The first of these (pictured, right) featured an additional vane midway along the floor (red arrow) and two additional, triangular shaped vanes a little further downstream.

The other floor option tested saw the fins ahead of the rear tyres conjoined with shorter slots in the upper section, rather than the full length ones that are ordinarily used.

But, just like the additional boomerang-like halo fairing seen here on Esteban Ocon's car during free practice (below), none of the parts were raced by Alpine, suggesting it needs more time to understand whether they're offering the expected performance uplift that its simulation tools would suggest.

Esteban Ocon, Alpine A521

Esteban Ocon, Alpine A521

Photo by: Charles Coates / Motorsport Images

Ferrari didn't have a raft of new parts on offer for the first race but it's still worth another look at a novel solution that was discovered on the SF21 during the pre-season test.

Mounted on the edge of the diffuser are three tall fins that are being used to redirect the airflow and turbulence in that region in order that it doesn't impinge on more important flow structures created to improve the car's overall performance.

Ferarri SF21 floor

Ferarri SF21 floor

Photo by: Giorgio Piola


Alfa Romeo step

Not all teams focused on floor changes though. Alfa Romeo has opted for a new solution on its front wing this season, as it has added a slot in the footplate which allows the airflow to migrate to the underside of the wing.

But, whilst interesting, it's not a new solution, as Alpha Tauri introduced something similar at the tail end of last season and has continued with it this year.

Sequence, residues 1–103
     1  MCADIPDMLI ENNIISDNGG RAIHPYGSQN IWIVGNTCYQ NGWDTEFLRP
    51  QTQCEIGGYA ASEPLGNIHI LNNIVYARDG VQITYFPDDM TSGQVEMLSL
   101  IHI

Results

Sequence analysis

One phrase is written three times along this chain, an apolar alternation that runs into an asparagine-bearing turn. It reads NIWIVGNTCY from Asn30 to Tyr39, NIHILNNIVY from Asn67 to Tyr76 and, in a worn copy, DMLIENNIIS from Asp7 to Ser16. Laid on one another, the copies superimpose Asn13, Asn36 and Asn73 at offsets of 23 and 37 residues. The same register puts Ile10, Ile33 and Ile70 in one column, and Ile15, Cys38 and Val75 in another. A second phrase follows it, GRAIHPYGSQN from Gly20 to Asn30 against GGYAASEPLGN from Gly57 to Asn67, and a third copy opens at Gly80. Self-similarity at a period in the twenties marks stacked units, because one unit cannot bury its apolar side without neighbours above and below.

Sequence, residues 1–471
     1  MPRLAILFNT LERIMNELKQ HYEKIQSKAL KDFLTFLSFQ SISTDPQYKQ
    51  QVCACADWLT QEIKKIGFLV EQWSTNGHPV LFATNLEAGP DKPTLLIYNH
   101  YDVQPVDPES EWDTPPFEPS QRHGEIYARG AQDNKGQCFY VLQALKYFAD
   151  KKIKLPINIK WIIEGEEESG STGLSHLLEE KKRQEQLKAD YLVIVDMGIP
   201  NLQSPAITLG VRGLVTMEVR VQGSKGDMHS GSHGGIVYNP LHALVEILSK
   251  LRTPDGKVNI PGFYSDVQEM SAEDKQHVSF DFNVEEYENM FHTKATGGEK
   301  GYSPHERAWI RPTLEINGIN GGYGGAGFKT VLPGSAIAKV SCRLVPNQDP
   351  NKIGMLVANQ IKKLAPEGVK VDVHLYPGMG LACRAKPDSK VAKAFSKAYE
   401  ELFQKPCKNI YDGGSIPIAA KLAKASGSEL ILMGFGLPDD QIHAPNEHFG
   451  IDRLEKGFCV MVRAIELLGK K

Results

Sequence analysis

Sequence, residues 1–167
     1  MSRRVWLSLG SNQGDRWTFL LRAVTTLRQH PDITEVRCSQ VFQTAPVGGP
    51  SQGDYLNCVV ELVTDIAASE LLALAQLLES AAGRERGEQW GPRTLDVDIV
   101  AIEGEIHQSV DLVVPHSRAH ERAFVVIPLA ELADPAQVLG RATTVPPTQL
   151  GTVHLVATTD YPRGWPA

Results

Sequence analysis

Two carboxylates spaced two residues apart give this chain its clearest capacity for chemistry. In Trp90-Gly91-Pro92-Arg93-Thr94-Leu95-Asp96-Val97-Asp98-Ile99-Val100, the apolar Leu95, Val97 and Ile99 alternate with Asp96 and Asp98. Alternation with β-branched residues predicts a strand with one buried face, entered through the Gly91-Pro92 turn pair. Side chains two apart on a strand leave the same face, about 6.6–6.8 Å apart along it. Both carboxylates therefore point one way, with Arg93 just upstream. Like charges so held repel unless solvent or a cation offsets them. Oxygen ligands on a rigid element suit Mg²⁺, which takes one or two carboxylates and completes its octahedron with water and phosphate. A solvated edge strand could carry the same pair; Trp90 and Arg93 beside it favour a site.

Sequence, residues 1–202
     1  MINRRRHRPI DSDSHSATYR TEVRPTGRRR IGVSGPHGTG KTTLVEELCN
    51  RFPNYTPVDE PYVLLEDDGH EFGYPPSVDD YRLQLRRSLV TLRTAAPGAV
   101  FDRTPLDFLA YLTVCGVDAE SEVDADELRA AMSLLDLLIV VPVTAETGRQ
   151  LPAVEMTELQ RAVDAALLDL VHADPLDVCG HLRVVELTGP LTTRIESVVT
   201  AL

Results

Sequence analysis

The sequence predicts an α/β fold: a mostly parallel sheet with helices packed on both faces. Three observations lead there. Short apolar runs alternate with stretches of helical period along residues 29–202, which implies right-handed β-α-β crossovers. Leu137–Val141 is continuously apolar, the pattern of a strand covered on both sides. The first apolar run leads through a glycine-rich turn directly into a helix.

Alfa Romeo Racing C41 front wing end plate
Alpha Tauri AT01 front wing footplate detail

Albeit with different shapes and positions, the solutions appear to be performing very similar roles: encouraging the air to deviate from its normal path across the upper surface of the footplate and influence the airflow it converges with beneath.

The airflow that continues to reach the latter phase of the footplate is shunted outboard by both the triangular strake and the trailing edge Gurney flap, both of which play a role in creating the outwash that the designers are searching for in order to reduce the turbulence created by the tyre behind.

Mercedes W12 extra cooling detail

Mercedes W12 extra cooling detail

Photo by: Giorgio Piola

F1 teams always run on the absolute limit when it comes to cooling, as opening up bodywork reduces the car's aerodynamic efficiency.

However, it's a price that must be paid at circuits in warmer climates. But rather than sacrifice performance at the rear of the car and open up the rear cooling outlet, Mercedes opted to run the maximum cooling outlet in the panel beside the cockpit.

Perched on the joint between the halo and the sidepod, this interchangeable panel will have different configurations throughout the year in order to find the right trade-off between the prevailing cooling demands and aerodynamic performance.

There was plenty of talk about McLaren's diffuser during preseason testing, with the Woking based outfit having taken a different direction to its rivals. The animation covers the basics of what it has done and how.